The church may have shamed people, but Jesus will never shame people.
I pray porn would no longer master us, but rather we would be slaves to righteousness. I pray that grace would change our lives and cause us to love ourselves and others. I pray we would live shame free lives, because of Christ, who took all of our shame onto himself the day he died on the cross.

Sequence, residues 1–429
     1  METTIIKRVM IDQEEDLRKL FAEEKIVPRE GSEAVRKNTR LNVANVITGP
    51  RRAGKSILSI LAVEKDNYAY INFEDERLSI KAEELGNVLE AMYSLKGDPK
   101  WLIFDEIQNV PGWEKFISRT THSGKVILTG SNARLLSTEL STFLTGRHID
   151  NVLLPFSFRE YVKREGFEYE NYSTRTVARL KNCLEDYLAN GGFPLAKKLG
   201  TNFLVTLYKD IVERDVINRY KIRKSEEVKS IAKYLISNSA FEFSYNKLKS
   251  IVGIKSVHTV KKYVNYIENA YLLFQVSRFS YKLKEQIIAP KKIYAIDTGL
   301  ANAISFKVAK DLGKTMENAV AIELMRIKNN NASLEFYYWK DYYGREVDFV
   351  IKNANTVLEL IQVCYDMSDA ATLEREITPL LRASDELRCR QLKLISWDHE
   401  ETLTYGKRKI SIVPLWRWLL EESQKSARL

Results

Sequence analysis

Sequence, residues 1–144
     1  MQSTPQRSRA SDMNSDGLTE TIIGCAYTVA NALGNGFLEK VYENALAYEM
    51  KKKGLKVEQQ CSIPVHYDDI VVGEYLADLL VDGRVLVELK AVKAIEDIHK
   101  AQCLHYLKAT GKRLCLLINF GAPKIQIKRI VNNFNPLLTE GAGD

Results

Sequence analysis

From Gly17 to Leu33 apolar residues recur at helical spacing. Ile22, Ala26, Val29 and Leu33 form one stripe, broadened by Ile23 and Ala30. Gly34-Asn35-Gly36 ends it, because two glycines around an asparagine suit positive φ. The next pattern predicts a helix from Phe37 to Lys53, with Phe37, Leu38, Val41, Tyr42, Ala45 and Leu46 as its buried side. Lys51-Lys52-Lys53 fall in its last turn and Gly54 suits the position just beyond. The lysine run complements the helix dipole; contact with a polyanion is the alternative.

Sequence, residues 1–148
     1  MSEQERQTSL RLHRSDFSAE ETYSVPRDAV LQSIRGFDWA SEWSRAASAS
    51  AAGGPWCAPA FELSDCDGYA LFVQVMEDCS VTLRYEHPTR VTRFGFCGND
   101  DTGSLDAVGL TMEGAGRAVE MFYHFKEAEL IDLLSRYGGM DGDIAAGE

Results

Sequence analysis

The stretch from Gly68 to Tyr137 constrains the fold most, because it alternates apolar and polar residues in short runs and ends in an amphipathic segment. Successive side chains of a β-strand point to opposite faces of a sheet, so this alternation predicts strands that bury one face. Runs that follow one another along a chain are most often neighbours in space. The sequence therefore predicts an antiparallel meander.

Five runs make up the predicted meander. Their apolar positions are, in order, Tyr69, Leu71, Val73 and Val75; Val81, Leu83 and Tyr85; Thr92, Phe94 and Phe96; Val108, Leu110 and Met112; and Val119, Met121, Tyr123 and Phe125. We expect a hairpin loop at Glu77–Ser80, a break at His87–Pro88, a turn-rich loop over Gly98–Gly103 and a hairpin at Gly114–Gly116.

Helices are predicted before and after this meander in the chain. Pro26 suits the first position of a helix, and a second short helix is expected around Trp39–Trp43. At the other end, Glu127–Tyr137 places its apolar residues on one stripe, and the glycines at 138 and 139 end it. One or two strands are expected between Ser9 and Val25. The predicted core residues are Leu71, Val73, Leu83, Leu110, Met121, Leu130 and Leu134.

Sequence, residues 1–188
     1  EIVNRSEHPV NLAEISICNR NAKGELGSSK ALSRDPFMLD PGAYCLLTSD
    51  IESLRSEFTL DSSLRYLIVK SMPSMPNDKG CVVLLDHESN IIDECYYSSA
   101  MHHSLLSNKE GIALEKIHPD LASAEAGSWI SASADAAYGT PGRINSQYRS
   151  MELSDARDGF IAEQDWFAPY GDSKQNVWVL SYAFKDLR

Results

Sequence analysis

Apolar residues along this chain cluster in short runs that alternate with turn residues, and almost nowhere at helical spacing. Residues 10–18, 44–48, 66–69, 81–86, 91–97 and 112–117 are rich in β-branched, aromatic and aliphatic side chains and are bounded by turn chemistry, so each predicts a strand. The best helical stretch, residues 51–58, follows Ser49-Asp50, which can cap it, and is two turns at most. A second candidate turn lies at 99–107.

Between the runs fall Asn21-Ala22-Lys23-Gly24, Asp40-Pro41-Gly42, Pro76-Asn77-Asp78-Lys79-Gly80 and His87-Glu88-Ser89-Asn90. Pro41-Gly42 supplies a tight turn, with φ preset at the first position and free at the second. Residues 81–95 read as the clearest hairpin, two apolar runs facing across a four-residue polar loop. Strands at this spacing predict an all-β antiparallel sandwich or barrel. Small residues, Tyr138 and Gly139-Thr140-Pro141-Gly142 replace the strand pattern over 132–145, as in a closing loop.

“Do not offer any part of yourself to sin as an instrument of wickedness, but rather offer yourselves to God as those who have been brought from death to life; and offer every part of yourself to him as an instrument of righteousness. For sin shall no longer be your master, because you are not under the law, but under grace. What then? Shall we sin because we are not under the law but under grace? By no means! Don’t you know that when you offer yourselves to someone as obedient slaves, you are slaves of the one you obey—whether you are slaves to sin, which leads to death, or to obedience, which leads to righteousness? But thanks be to God that, though you used to be slaves to sin, you have come to obey from your heart the pattern of teaching that has now claimed your allegiance. You have been set free from sin and have become slaves to righteousness.” (Romans 6:13-18, NIV).